Distanced dating: the transition from in-person to online dating, and how couples are coping
As the saying goes, “love is in the air”. However, as we enter our Valentine month, it is COVID-19 that we find broadcasted on air (pardon the pun). Luckily, love didn’t just disappear and high school couples are surviving beneath Zoom/Discord calls and online activities. An AHS Senior, Tyson Tran (12) is dating Kaella Pano from class of 2020, and they describe their experience transitioning from an in-person relationship to a distanced one.
“Initially when we thought it would only be two weeks, we thought we’d be okay with just that 2 weeks apart knowing we’d come back to school soon. Obviously that didn’t pan out, so we promised each other that quarantine couldn’t last forever. For the whole lockdown we’ve just been holding onto the hope that the day will come when this is all over,” Tran says.
Couples entering the pandemic were faced with an adjustment from almost daily face to face interaction to no in-person interactions. Despite this difficulty, love is not lost, and some have even found partners during this time.
Jade Wang, a junior at AHS, was one of these people. She explains how she developed a strong connection during a time when it’s more difficult to meet face to face.
“Since we were already pretty close friends pre-quarantine, we frequently texted— having 5/6 of the same classes definitely helped— and eventually we ended up calling too and I suppose it just progressed naturally from there,” she says.
Students prepared themselves for a year without in-person interaction with their partners. From watching movies and shows together, to playing video games, couples were able to spend time together and weather this storm. Though Tran and his partner share different interests, they still find creative ways to include each other.
“We play pretty different games but we like FaceTiming while we play and talking about the things that are happening in them,” he explains.
His partner Pano, even found a creative way to give him a surprise present.
“She delivered chicken nuggets to me… it made my day,” Tran says.
“It was National Boyfriend day so I surprised him!” Pano adds.
For Wang, dating in quarantine meant becoming a gamer, and she began her gaming journey by playing League of Legends with her boyfriend.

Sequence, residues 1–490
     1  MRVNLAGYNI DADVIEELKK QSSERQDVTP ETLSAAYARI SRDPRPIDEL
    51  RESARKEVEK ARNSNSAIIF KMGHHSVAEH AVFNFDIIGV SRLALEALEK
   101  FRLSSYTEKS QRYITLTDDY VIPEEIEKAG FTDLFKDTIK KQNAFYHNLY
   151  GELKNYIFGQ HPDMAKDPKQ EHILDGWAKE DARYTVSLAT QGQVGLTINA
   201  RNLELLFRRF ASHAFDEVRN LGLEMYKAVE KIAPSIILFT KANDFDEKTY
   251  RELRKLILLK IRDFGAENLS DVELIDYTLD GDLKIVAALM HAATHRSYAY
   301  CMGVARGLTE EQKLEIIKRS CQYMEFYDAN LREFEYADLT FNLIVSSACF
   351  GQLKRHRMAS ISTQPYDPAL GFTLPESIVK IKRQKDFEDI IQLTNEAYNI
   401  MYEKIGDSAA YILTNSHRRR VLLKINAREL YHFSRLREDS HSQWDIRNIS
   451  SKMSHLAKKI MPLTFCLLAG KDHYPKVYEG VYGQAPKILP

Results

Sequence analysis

“Most of the time we just do homework or study together… but we also do recreational stuff together like watching anime, listening to music, or playing League of Legends. I’m not a gamer but I started playing for him.”
Unfortunately, dating in quarantine can be far from pleasant, not only due to the lack of in-person interaction, but also the underlying stress of balancing time with your partner and academic work. For Hsu, the quarantine was detrimental to the relationship in this aspect especially because she and her partner are both seniors.
“It was manageable until school started in August of 2020. I hate to say it but when school started, the stress and pressure piled up and eventually became a breaking point to our mental health. We were burnt out from school, and with the piles of homework, we didn’t have much time to just relax and talk to each other,” she explains. “Quarantine played a big aspect in that we couldn’t hang out during lunch or afterschool so there was no way we could relieve the stress throughout the day. Especially in senior year, the added stress of College Applications made it even worse as there was even less time to call and relax.”
Fortunately for this couple, they were able to come out on the other side. Hsu unravels how they solved their problem.
“Even though there were huge bumps in the road, we eventually figured out a way so that our schedule could match and we could actually call each other and relax… We are both still working on our mental health and with him transferring schools, he got more free time so we could call more. I was able to figure out a semi-working schedule that would let me get most of my work done while still having time to call him,” she says.
No doubt, quarantine has made it tough for couples, but luckily many of them have advice to offer to those who are struggling.
“As far as dating advice, communication is probably the most important thing, especially in a long distance relationship. The last thing you want is to hide your real feelings from each other, cause it’ll eventually snowball into bigger problems later” says Tran.
Hsu also agrees with this and stresses focusing on your own self rather than devoting all your attention to your partner is crucial to a successful relationship.
“Always make sure you are communicating and talking with your partner. No matter how little you think that issue is, talk it out with your partner. And yes sometimes we are burnt out from certain things, and if that happens, take a short break and focus on yourself. It’s important to have a good mindset with everything going on around the world.” says Hsu.
But this isn’t all. Dating through quarantine can be a learning experience especially for those entering college soon.
“I know it might suck not being able to see your significant other for such a long period of time, but just try to make the most of it by calling and doing things together that you can do virtually! You can also think of it as a way of showing that you’re both mature enough individuals to handle a long distance relationship, which is definitely a good thing, considering the fact that we have college in a few years,” says Wang
Many high school couples may not go to the same college or even stay in the same state so a distanced relationship may be inevitable even after the COVID-19 pandemic. No matter what, there is going to be a light at the end of this tunnel. Couples will get to hold hands again and go on romantic dates in a world where restaurants and small businesses are open. Wang expresses an opinion shared by many.
“We’re just really excited to see each other again.”